Raoul Peck, “I Am Not Your Negro” (2017)

Initially an expose of the modern history of the United States as seen from the viewpoint of black US author and activist James Baldwin (1924 – 1987) and serving as a personal memoir of his early experiences and meetings with black activist leaders Martin Luther King, Malcolm X and Medgar Evers, this film becomes an exploration and critique of American culture and values generally. Director Raoul Peck based the film on Baldwin’s unfinished work “Remember This House” and extends the work to the present day to demonstrate that the pervasive racial discrimination of white people against black people back in Baldwin’s time continues – as does also black people’s resistance against that discrimination, as exemplified by (in Peck’s view) the Black Lives Matter movement.

With voiceover narration from actor Samuel L Jackson, who reads from Baldwin’s work, the film moves back and forth in time, which can make following it hard, but there is a general chronological order and structure shaped around Evers, Malcolm X and King. Baldwin remembers early childhood experiences of watching Hollywood Western films and identifying with the “good guy” cowboys, not realising that the Injuns being shot could just as easily have been replaced by upstart black people. He later comes to see how much Hollywood brainwashes people to see the world in terms of, well, black and white, and how Hollywood films serve to inculcate a particular paradigm of how the world supposedly operates. There is nothing in the film though how that paradigm influences not just black people like himself to accept their place in US society but also brainwashes white people to believe they are special and to believe in violence as the only acceptable tool to confront and solve problems.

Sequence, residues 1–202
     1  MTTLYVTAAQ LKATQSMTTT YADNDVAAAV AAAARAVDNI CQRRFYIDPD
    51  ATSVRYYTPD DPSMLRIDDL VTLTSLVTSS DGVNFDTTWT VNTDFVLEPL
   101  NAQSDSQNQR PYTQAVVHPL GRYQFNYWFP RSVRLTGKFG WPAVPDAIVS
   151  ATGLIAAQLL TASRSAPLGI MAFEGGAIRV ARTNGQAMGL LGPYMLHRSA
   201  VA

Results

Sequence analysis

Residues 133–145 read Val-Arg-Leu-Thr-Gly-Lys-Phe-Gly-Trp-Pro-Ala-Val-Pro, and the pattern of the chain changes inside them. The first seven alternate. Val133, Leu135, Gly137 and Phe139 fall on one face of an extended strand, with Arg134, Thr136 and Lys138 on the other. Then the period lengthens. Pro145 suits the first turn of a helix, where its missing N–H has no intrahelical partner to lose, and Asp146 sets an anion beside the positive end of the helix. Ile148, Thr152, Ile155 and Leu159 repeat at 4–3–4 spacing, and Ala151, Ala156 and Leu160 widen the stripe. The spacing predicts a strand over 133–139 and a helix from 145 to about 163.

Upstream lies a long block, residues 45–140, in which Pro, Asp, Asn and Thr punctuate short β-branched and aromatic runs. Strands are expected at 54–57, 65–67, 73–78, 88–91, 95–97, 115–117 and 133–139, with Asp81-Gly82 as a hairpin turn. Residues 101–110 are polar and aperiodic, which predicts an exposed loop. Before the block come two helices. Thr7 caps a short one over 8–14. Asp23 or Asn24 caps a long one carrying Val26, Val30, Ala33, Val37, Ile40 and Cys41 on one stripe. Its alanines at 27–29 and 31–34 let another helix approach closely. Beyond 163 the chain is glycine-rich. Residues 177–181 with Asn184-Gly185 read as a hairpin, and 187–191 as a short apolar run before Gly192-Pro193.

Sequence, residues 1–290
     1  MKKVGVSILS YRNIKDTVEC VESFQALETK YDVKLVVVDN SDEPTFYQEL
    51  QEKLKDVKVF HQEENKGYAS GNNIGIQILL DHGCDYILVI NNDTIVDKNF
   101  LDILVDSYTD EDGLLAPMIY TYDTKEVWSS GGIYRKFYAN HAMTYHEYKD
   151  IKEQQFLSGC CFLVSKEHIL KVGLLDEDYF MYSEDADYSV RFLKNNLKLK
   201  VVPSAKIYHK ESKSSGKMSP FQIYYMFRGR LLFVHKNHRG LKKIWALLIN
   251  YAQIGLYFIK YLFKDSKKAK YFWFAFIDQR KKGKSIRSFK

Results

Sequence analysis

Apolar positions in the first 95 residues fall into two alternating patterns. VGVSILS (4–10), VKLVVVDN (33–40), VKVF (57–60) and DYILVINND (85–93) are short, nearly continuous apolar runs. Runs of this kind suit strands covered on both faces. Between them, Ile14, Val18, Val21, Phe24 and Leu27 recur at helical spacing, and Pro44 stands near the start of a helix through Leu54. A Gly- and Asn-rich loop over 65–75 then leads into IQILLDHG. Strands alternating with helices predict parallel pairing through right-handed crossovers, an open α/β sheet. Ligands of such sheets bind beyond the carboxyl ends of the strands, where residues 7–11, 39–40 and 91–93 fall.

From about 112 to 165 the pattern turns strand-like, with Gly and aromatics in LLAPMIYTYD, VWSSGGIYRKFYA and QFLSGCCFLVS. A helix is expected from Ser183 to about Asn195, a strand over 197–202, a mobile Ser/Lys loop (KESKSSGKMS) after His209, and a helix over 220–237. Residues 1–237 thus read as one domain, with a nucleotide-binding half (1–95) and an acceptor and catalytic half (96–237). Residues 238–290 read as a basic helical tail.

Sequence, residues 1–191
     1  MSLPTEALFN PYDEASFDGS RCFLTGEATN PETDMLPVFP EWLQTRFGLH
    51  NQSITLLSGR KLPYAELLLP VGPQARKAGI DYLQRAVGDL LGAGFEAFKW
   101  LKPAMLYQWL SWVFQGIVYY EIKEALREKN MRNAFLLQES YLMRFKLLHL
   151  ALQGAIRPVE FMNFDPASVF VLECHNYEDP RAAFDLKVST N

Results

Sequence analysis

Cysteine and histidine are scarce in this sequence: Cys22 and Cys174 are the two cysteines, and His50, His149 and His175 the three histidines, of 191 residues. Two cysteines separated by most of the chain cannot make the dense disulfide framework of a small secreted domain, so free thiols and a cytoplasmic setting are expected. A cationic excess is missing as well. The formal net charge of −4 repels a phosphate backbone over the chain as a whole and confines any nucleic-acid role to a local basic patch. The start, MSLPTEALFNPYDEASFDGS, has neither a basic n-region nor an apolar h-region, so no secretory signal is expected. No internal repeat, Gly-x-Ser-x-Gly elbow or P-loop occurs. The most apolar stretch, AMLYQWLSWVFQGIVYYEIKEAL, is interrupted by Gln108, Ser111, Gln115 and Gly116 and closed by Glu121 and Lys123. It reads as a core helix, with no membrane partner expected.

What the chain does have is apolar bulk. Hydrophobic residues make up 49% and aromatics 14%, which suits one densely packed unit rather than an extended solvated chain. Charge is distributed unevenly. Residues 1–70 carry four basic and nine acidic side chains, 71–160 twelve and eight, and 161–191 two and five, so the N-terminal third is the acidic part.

With archival film footage, the film shows Baldwin advocating on behalf of black people in talk shows, arguing why racism continues in spite of the apparent social and economic progress black people were making in the 1960s. Malcolm X and Martin Luther King loom large as two leaders whose opinions and leadership styles were as polarised as could be, to the extent of Malcolm X accusing King of being an Uncle Tom for adopting a non-violent approach emphasising love and compassion.